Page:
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Egg yolk sponge cake recipe

Egg yolk sponge cake recipe

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  • Cake
  • Classic cakes

A beautiful cake, which is tinged yellow from the egg yolks used in this recipe. Fill and top with your favourite icing.

106 people made this

IngredientsMakes: 1 2 layer 20cm cake

  • 175g butter, softened
  • 300g caster sugar
  • 250ml egg yolks
  • 1 teaspoon vanilla extract
  • 225g plain flour
  • 2 teaspoons baking powder
  • 1/2 teaspoon salt
  • 175ml milk

MethodPrep:20min ›Cook:25min ›Ready in:45min

  1. Preheat oven to 180 C / Gas 4. Grease and flour two 20cm round cake tins.
  2. Mix together flour, baking powder and salt in a small bowl.
  3. Cream butter and sugar together in a mixing bowl. Add egg yolks and vanilla; beat until fluffy. Add milk to butter mixture in 2 parts alternately with flour mixture in 3 parts, beginning and ending with flour mixture. Spread in prepared tins.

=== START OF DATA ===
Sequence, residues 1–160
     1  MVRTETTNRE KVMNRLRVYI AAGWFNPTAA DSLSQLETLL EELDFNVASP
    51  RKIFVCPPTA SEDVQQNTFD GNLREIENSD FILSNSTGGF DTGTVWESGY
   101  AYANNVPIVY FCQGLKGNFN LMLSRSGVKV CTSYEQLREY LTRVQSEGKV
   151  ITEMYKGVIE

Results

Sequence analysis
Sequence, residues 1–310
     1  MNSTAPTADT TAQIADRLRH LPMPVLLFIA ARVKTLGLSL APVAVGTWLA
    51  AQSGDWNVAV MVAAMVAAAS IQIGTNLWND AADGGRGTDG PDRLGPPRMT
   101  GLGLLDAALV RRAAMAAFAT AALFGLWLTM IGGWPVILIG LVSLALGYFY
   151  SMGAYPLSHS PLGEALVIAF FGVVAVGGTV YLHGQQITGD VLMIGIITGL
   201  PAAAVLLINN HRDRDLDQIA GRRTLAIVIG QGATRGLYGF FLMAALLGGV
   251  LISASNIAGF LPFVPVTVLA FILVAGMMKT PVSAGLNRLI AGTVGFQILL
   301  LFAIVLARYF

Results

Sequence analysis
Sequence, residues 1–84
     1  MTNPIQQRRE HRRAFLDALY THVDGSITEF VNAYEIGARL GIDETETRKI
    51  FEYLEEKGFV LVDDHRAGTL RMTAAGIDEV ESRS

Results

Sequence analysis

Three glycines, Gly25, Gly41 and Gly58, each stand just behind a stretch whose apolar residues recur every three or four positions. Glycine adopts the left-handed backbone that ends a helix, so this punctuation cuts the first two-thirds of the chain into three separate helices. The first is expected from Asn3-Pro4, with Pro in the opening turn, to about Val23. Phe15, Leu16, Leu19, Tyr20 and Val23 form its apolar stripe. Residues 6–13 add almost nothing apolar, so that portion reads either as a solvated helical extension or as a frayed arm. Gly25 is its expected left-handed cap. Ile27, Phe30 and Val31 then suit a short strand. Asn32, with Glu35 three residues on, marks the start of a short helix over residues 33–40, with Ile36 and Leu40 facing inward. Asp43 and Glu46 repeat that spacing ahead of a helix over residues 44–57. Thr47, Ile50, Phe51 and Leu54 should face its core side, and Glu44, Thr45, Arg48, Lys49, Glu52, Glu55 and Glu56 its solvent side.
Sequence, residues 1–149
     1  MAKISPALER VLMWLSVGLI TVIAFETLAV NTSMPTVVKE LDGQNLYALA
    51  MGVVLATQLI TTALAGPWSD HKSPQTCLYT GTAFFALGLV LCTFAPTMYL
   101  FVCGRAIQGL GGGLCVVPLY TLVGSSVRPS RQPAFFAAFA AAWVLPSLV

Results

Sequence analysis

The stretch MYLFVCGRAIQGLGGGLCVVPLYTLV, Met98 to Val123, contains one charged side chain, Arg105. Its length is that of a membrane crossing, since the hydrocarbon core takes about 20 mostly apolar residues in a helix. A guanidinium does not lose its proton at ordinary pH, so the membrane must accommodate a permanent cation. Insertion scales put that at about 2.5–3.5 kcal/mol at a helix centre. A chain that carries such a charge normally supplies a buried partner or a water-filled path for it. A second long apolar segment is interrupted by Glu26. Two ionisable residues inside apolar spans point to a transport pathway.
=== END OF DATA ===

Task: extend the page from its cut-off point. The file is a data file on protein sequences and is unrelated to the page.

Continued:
4. Bake for about 25 to 30 minutes or until an inserted skewer comes out clean.

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Reviews & ratingsAverage global rating:(55)

Reviews in English (47)

**update** I now make this cake often! Tastes like a pound cake and it didn't really have a sponge cake texture. It is a good recipe to use up the egg yolks from an angel food cake. suggest that you use fresh yolks as the frozen ones aren't as moist. In the 2nd cake I substituted 1/2 of the standard flour with cake flour and it made a lighter cake. We can't easily find caster sugar here so I grind my sugar. Very good!!-07 May 2016

by Misa